1. The novel contains nine very different characters: did you have a favourite? If so, why?
2. The protagonists in All That Man Is ascend in age from beginning to end. To what extent are they characterised by their stage of life above anything else?
3. How is the act of crossing borders and boundaries significant to the narrative?
4. Discuss the theme of masculinity in the novel. Do you think that Szalay feels positively about the state of masculinity today? If so, why?
5. Would you agree with Edward Docx’s claim in the Guardian that Szalay’s central theme in the novel is the phrase ‘Life is not a joke’? Discuss how he explores this theme differently in each chapter.
6. ‘Far from celebrating’s man’s infinite variety, the book reveals his endless repetitiveness.’ Observer. Do you agree with this quote?
8. ‘Uncharitable readers may be tempted to dismiss Szalay as a misogynist.’ TLS. Many reviewers took issue with Szalay’s presentation of women in the book, stating that they were barely sketched out and given very little dialogue or space. Do you agree with this view? Do you think the perceived lack of women is a problem in the narrative?
In-depth discussion: Stories
‘In his new book David Szalay tells nine stories about nine different men of six different nationalities in settings that sweep across 13 different countries, and he has the temerity to call it a novel. Well, not so much temerity as audacity – because Szalay actually pulls it off.’ Duncan White, Telegraph
‘But does it in any sense work, as Jonathan Cape wants us to believe, as a novel? Yes, there’s a thematic consistency that makes this more than a collection, and Szalay even throws in the odd narrative link (the 73-year-old, it transpires, is the 17-year-old’s granddad). But still, a novel? I don’t think so.’ William Skidelksy, Observer
Did you feel that the book is best categorized as a novel, or short stories?
What qualifies a book as a novel rather than a collection of short stories? Is it character, plot, or something more amorphous? Discuss, using the quotes above as a starting point.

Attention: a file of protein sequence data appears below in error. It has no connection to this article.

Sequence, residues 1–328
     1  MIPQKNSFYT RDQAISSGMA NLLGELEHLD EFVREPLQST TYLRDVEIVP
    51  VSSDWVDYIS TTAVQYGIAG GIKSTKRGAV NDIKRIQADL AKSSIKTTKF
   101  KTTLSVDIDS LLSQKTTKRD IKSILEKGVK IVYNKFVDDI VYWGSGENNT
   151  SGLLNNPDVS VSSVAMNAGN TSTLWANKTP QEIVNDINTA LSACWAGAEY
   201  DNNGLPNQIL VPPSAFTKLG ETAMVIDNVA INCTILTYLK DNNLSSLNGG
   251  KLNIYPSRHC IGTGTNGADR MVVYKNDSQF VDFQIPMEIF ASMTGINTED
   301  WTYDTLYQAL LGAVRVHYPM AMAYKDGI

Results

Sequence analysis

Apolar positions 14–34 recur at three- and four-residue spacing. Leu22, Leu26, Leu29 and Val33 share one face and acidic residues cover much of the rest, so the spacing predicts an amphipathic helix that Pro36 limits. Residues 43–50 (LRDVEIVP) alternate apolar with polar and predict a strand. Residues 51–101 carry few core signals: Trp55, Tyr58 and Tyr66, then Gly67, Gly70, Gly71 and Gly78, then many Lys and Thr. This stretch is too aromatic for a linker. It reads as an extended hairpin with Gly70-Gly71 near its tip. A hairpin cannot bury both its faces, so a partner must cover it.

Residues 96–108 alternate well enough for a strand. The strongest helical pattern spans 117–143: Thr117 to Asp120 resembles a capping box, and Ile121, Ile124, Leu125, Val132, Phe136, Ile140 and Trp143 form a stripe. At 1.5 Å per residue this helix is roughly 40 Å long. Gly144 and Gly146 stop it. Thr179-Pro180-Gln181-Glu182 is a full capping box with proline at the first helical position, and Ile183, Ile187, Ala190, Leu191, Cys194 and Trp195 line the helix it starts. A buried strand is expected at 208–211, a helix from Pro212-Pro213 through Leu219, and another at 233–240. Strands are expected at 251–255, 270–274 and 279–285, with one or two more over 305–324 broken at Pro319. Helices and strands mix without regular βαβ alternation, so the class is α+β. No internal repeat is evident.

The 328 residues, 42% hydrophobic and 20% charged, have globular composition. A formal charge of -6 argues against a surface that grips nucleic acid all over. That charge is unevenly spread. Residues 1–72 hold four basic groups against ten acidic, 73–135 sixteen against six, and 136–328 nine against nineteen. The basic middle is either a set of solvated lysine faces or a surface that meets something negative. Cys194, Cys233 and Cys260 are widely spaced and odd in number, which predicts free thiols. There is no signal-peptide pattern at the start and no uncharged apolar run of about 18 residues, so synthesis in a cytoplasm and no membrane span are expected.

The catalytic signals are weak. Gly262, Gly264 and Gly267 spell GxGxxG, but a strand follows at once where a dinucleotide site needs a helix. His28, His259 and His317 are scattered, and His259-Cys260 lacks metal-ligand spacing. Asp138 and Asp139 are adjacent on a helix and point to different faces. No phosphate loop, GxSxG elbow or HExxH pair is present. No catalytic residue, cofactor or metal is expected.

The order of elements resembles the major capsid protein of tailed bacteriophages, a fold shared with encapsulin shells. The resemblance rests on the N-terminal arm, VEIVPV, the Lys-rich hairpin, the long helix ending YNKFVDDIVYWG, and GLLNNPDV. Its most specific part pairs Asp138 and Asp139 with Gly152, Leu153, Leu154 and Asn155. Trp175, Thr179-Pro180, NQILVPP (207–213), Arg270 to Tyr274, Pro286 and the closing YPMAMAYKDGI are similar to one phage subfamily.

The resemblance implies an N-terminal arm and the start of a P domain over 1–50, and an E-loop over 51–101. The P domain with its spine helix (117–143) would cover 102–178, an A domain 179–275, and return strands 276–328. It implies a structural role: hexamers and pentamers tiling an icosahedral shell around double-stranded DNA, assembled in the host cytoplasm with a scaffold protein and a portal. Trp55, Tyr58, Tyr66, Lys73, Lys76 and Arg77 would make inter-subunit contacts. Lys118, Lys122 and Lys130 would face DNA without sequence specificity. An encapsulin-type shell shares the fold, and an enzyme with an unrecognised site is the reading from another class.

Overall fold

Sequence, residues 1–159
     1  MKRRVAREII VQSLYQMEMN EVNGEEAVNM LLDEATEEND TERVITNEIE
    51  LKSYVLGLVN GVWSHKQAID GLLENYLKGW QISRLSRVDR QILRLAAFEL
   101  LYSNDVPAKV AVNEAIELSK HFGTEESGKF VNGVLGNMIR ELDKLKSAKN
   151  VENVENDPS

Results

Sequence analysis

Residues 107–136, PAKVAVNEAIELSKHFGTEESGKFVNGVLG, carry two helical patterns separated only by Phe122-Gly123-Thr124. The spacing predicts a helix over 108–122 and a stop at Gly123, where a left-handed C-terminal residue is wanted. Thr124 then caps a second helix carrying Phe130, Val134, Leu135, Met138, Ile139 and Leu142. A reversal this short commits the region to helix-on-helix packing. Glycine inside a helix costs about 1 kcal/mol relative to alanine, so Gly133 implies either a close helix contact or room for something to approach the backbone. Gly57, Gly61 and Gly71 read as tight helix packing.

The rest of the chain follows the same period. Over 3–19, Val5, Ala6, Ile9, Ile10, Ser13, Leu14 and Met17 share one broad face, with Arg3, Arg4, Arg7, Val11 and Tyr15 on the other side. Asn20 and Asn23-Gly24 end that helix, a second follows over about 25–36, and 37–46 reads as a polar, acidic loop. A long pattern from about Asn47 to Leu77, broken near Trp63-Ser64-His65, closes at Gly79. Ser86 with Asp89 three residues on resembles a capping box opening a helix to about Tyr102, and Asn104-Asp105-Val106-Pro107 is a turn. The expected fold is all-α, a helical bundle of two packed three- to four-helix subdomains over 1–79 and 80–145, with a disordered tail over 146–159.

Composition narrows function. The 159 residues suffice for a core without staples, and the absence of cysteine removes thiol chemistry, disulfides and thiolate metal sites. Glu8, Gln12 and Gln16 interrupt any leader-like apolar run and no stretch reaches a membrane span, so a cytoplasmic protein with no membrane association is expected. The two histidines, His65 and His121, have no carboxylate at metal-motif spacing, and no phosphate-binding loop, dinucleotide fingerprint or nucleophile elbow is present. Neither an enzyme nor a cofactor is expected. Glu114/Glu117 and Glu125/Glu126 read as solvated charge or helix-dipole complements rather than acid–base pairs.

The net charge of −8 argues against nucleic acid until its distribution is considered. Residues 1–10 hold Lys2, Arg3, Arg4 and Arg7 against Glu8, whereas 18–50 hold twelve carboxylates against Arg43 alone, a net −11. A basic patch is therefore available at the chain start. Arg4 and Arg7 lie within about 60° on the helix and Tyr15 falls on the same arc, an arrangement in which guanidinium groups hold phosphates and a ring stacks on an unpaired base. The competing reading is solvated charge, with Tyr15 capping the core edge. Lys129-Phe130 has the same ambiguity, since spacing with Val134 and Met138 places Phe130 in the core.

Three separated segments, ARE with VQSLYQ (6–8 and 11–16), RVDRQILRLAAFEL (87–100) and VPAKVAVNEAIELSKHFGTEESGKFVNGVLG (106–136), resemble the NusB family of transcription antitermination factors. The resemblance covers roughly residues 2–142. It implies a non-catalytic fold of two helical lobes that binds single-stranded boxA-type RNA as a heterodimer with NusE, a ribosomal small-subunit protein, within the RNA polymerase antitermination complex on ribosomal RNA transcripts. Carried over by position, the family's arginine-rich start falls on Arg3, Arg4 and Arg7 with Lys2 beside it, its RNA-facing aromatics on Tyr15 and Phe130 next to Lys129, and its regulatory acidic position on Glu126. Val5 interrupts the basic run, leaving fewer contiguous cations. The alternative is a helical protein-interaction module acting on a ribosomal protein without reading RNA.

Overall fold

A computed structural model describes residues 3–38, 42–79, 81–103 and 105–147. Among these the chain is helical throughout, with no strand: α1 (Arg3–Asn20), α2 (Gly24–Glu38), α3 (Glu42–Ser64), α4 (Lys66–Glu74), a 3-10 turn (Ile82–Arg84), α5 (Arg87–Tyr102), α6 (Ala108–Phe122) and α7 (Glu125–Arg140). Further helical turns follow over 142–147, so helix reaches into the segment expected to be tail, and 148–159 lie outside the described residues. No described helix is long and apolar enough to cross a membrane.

In-depth discussion: Likeability
Many reviewers picked up on how unpleasant the protagonists are in the novel. Some even linked it to the wider trend for unlikeable narrators in thrillers such as Girl on the Train and Gone Girl. Do you agree that the protagonists are universally unpleasant? Do you think this matters? How does likeability affect the reading experience, and is this experience different when reading a literary novel as opposed to a thriller?
In-depth discussion: Text on the page
Look again at p28, 94 and 316, and discuss how Szalay uses the appearance of letters on a page, and the blank space around them, to describe the experience of his characters. What do you think this adds to the narrative, if anything? Can you think of other novels and writers who employ similar techniques?
In-depth discussion: Writing technique
‘Mr. Szalay has a good deal of what the critic Alfred Kazin once called “the marginal suggestiveness which in a great writer always indicates those unspoken reserves, that silent assessment of life, that can be heard below and beyond the slow marshaling of his thought.”’ New York Times
Discuss Szalay’s writing technique with reference to the above quote. How does he indicate those unspoken reserves? Do you agree that this is the hallmark of a great writer? What other hallmarks make a writer great, for you?
In-depth discussion: Brexit
The novel was written and published immediately before the Brexit vote, and the 9 characters of the novel travel all over Europe. How do you think the book would have changed in the post-Brexit world? Do you think that the message of the book, or the characters, appear differently in a post-Brexit light?
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